Yes, I’d heard about Sybil Penn and I think Jane Seymour is also said to haunt the palace. Lots of ghosts!

  3. Thanks for sharing your pictures and videos and I echo Christine glad you are much better to do this fantastic tour. The photos are beautiful and these jewels of Tudor England have been shared wonderfully with us. Many thanks.

  4. Dear Claire, if a hero is a person admired for having done something very brave, then for your sister/fellow IBS sufferers, you are such a one for not just going on a tour but actually leading it, giving a talk at the end of a rather full day, participating in it fully for all those days – wow Claire, that’s one big Tudor tour de force!

    1. Hi Globerose,
      Aw, thank you!
      My IBS actually behaved itself during the tour, which was good news. I was a bit worried about going as I’d been suffering from vertigo in the lead-up to it, but fortunately, that disappeared before I left – phew! I’d love to actually know what sets off my IBS, I’m sure it must be a particular food but 28 years after being told I have it I’m really none the wiser. Do you know what causes yours?
      It was an amazing tour and I’m very blessed to be able to do these tours.

  5. Hi Claire and Globerose, my nephew and a friend of mine both suffer from IBS and their doctors told them it’s stress related, certainly with my friend who suffers from emotional stress her IBS causes her a lot of discomfort for days on end, my nephew developed it after his dad’s death when he had a lot of worry having to sort out his debts and so forth, he’s better now but cannot drink fizzy drinks and certain foods, we were very worried because he had lost a lot of weight but he’s put on some which is a good thing, having read both your posts I had to mention that, I hope you don’t mind it certainly is a mysterious illness and seems to be a 21st c one, maybe at one time you both had a lot a worry which could have brought it on, but then it could just be where over time the body reacts to certain foods just like one can develop allergy’s, I was diagnosed with hayfever after suffering from monthly colds for some years, I had no idea I thought I had a weak immune system, I did not realise it was just hayfever symptons, anyway I’m glad it did not stop you going on your wonderful tours, and we have had a lot of pleasure following you on your journeys.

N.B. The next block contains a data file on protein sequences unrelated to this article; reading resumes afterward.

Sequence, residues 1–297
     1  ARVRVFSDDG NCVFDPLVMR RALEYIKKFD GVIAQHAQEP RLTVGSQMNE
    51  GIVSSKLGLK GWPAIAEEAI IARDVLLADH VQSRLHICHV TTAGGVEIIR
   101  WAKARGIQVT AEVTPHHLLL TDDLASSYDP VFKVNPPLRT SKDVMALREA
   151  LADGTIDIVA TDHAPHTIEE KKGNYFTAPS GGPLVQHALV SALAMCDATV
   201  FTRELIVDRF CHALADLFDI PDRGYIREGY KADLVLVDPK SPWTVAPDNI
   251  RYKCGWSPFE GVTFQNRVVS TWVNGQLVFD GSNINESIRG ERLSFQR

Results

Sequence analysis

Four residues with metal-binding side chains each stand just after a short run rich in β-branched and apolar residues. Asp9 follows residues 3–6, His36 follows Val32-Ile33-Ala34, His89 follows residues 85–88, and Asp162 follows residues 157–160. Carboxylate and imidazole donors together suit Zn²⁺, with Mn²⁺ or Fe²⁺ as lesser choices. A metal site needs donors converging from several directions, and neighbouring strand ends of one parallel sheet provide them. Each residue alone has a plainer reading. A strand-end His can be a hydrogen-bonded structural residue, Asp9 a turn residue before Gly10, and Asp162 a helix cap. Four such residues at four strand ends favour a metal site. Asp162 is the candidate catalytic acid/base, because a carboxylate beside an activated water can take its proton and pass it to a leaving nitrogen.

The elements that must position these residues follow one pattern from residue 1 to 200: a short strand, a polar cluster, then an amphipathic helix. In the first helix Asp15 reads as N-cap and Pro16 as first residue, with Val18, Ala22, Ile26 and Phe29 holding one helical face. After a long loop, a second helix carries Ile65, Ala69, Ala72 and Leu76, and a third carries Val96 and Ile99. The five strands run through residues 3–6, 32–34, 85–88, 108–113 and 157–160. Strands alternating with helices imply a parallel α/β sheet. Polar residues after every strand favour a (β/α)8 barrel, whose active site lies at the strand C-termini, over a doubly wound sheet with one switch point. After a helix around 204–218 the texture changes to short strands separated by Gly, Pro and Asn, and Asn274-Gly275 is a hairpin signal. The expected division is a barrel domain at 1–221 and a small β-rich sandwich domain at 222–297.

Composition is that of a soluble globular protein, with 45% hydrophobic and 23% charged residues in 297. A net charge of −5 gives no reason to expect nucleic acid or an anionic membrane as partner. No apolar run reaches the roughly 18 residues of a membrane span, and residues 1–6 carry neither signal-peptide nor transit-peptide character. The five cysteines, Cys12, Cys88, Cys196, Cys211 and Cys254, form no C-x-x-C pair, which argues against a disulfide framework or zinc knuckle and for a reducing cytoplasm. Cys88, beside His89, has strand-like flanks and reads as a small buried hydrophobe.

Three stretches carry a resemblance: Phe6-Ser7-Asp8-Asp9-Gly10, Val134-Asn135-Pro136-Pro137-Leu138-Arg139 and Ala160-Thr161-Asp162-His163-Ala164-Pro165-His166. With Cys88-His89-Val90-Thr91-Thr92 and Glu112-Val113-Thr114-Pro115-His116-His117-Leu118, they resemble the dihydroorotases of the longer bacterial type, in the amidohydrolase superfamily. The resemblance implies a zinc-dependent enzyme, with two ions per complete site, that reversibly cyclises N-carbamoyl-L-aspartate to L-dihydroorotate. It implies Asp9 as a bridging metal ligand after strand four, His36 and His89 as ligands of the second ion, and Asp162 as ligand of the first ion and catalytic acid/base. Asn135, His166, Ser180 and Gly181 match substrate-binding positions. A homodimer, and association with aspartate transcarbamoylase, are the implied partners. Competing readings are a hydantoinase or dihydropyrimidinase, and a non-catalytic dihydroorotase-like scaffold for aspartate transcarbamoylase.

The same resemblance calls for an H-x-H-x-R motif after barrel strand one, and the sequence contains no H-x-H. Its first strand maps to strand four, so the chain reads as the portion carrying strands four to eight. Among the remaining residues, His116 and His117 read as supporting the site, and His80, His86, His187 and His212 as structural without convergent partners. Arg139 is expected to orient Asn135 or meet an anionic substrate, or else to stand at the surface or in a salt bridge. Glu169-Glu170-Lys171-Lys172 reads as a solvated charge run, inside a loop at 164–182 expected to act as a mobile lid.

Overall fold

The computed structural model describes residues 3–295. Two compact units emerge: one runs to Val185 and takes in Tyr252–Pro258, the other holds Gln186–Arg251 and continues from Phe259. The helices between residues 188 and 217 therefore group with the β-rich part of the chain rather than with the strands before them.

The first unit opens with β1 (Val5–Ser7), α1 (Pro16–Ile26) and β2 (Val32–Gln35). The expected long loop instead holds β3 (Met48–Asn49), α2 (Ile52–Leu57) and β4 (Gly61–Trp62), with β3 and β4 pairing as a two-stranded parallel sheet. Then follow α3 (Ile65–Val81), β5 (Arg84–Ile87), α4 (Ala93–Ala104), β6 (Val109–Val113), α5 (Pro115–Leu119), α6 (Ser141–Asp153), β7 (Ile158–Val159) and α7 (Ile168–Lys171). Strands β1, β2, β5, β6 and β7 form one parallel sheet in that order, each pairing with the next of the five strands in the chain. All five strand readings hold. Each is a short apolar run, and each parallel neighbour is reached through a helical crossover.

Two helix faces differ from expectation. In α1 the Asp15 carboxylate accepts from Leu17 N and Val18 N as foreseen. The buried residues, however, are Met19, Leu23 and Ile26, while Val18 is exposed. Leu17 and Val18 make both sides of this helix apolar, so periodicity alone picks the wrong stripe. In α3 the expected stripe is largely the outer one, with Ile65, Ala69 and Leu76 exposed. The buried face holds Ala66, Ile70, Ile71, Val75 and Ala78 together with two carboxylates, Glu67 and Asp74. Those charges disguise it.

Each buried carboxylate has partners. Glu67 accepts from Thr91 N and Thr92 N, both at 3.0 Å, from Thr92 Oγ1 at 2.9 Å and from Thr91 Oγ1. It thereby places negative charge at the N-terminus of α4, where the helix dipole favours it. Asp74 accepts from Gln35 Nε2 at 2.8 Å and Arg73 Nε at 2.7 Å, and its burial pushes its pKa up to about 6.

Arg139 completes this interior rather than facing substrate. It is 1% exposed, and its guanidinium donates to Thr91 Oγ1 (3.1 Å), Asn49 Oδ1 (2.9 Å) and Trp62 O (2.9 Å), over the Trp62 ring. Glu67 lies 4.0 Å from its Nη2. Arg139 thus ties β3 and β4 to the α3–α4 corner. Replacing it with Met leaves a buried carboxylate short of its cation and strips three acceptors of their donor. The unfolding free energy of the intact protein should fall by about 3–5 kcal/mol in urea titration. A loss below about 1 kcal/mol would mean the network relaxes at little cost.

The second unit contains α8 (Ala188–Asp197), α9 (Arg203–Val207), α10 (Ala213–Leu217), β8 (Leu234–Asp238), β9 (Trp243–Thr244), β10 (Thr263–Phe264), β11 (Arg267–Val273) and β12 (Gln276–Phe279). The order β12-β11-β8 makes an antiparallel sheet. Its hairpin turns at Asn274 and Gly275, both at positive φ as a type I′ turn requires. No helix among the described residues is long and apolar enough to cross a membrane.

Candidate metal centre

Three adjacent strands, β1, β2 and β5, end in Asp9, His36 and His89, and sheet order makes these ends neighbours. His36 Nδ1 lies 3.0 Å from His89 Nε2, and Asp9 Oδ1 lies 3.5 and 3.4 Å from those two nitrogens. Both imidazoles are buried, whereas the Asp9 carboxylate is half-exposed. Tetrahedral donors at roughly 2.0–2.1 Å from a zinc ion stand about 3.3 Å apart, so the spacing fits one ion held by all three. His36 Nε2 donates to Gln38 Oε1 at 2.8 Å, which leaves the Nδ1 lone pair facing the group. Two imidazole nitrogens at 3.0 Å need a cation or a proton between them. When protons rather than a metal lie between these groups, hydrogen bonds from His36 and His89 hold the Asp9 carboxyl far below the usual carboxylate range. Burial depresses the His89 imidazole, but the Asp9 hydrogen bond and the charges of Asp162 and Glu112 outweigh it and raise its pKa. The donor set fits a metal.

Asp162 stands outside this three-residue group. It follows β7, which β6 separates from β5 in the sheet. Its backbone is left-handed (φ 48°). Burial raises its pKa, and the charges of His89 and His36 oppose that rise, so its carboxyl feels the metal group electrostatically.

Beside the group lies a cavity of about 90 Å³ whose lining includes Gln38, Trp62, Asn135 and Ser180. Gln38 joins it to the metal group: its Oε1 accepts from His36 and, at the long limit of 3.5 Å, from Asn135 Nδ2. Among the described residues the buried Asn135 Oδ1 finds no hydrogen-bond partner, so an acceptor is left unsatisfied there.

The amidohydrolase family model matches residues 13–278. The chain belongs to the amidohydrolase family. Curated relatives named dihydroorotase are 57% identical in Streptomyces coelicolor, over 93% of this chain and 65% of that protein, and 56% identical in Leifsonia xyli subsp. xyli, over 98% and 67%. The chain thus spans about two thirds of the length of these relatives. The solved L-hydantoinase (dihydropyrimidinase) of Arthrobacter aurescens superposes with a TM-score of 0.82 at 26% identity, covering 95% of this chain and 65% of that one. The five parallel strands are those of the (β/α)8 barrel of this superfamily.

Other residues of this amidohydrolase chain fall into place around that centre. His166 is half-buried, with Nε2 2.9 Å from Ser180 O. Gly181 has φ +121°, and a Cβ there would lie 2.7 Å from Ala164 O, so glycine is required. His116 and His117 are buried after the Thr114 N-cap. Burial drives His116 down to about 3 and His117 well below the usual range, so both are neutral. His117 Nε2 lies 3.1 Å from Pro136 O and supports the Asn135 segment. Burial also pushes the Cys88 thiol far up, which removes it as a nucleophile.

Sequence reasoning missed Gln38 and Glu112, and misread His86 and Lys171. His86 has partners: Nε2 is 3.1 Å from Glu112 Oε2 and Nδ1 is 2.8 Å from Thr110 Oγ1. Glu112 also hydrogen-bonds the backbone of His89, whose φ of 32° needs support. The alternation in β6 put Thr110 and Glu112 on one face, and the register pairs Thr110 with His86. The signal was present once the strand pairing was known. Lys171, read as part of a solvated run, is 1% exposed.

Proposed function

6. Oh Christine, sadly my IBS has become a self-defeating prophecy and when I read about Claire’s traffic jam, I was imagining all sorts of horrid consequences for her, none of which happened, of course, and she went on to have the most amazing time. You really do have to be brave in this very short life we have: trying above all to maintain a positive attitude to tough stuff and disabilities. Claire gives us a stalwart role model, a real ‘can do’ vibe, and that’s pretty amazing, don’t you think?
    Thanks for your post. Appreciated.